Matt’s Mood

Matt Bianco (Featuring Basia)

2004: Universal Music International BV B0003930-02


  1. Ordinary Day
  2. I Never Meant To
  3. Wrong Side Of the Street
  4. La Luna
  5. Say the Words
  6. Golden Days
  7. Ronnie’s Samba
  8. Kaleidoscope
  9. Slip & Sliding
  10. Matt’s Mood III

What a marvelous surprise! Not just that Matt Bianco has re-formed, nor that Basia’s voice is once again gracing the contemporary music palette: the best part of the surprise is that it’s an absolutely lovely album. The cherry on top of the cake is novel: the posthumous participation of Ronnie Ross, the saxophonist who helped create that Matt Bianco “sound” years ago, included here via some recordings of him playing solo that had been essentially orphaned when he died. That’s what “Ronnie’s Samba” is about, and when you know that (and the fact that Ross played sax on Lou Reed’s classic “Walk On the Wild Side”) the lyrics become much more significant and touching…and hearing Basia sing “so, children, here it is, yet another chance / Special Delivery for one final dance / prick up your ears, put on your dancing shoes / you’ve waited long enough, so no more time to lose” gives a thrill of intimately shared joy.

“Say the Words”—wow, really…it’s the kind of simply poignant song we’ve been missing throughout all these years of crap flash-in-the-pan singer/celebrities and heavier hitters (for better or for worse—think Jane’s Addiction, for example, in the Better category, but Perry never turned in something like this).

“La Luna” is unexpectedly sultry—my first listening didn’t make me think so, but upon revisiting it I find it’s quite a pleasantly bumptious strutter. That’s probably a good description of most of the tracks on this album, actually, so I’ll only call out a couple of others here and stamp the rest as DELICIOUS.

But “Slip & Sliding” is definitely my choice for Outstanding Song on this album. I don’t know for sure that this is what the songwriters had in mind, but to me the lyrics (and indeed the delivery) are an interior monologue of a perennial loser intensely focused on an impressively optimistic mental track: each failure is given a positive spin as part of an overall self-shoring-up. After countless downfalls this resolute ritual has become a mantra, the bare essentials of the vital message of reassurance. Each new defeat is dealt with by reinforcing the forward movement and portraying failures as opportunities to learn and do better next time—the lyrics are so minimal that I can simply quote them here to get the point across:

Slip ’n’ sliding
You’ll get it right another time
 
Try again
Lose again
Trip over
Fall better
 
Try again
Lose again
Take notice
Fail better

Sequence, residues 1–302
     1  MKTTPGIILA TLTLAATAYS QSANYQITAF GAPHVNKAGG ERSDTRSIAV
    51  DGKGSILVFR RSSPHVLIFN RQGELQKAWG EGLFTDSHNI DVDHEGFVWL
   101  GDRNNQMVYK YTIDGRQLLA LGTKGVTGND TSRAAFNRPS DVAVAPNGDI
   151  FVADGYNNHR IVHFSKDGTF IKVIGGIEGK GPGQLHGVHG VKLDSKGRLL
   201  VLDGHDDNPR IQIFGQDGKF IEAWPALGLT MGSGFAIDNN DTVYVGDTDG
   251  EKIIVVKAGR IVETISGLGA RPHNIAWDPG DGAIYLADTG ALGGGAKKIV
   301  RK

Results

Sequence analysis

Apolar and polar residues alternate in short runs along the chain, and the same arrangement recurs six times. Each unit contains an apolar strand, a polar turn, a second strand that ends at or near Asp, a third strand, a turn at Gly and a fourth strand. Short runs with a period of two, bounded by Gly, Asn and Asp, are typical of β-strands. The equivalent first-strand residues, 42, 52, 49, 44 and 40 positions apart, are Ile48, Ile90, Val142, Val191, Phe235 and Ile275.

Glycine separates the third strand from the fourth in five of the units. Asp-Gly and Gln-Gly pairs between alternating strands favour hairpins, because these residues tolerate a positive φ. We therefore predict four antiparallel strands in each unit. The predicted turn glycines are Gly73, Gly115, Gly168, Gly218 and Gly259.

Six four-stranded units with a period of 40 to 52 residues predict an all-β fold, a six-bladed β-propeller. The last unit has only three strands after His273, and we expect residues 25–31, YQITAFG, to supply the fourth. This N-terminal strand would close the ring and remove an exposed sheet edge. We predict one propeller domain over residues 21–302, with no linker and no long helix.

Try again
Lose again
No matter
Go-getter
 

Also there’s a delectable eloquence in the mix of enunciations here: Danny’s hip looseness (albeit spot-on) juxtaposes intriguingly with Basia’s more concise (albeit gently so) phrasing. Overall the track has an irresistably hip sensuosity and vibrancy that captivates and delights me.

I am very, very fond of “Golden Days” as well; it shines and struts in a unique samba that is ever so slightly sultry around the edges.

Nearly every online review I’ve read that’s written by someone who’s familiar with the Matt Bianco sound and history simply characterizes “Kaleidoscope Dreaming” as Part II of “Whose Side Are You On,” referring to the opening track of Whose Side Are You On. I can’t disagree with that assessment: it really is as though this were an unreleased continuation of that track. Not that that’s bad, not at all, it’s just a little funny to hear a continuation of something from 20 years ago as though there’d been no break.

As for the rest of the album, I don’t really have much commentary of any importance: I enjoy it all, I’m gushingly grateful to the triumvirate of Mark, Danny, and Basia for coming back together and producing such a joyous gem for us to share, and I recommend it all quite sincerely to any wary skeptic.

One last comment: hearing Basia sing in Polish, as she does on “Wrong Side of the Street,” is a tremendous thrill for me: I don’t speak Polish but I love the sound of any less-prevalent-than-English language sung by its native speakers, especially when the singer is as strong and elegant as Basia. Not only does it fascinate my ear and brain (and challenge me, reminding me that English isn’t music’s only language), it also re-energizes my wish to learn to at least understand that language if not become fluent in it. (For the record, two other languages that I have that reaction to are Bulgarian [because of Le Mystère des Voix Bulgares] and Arabic [because of countless artists and recordings—it’s prolific and usually intensely compelling to me in music]).


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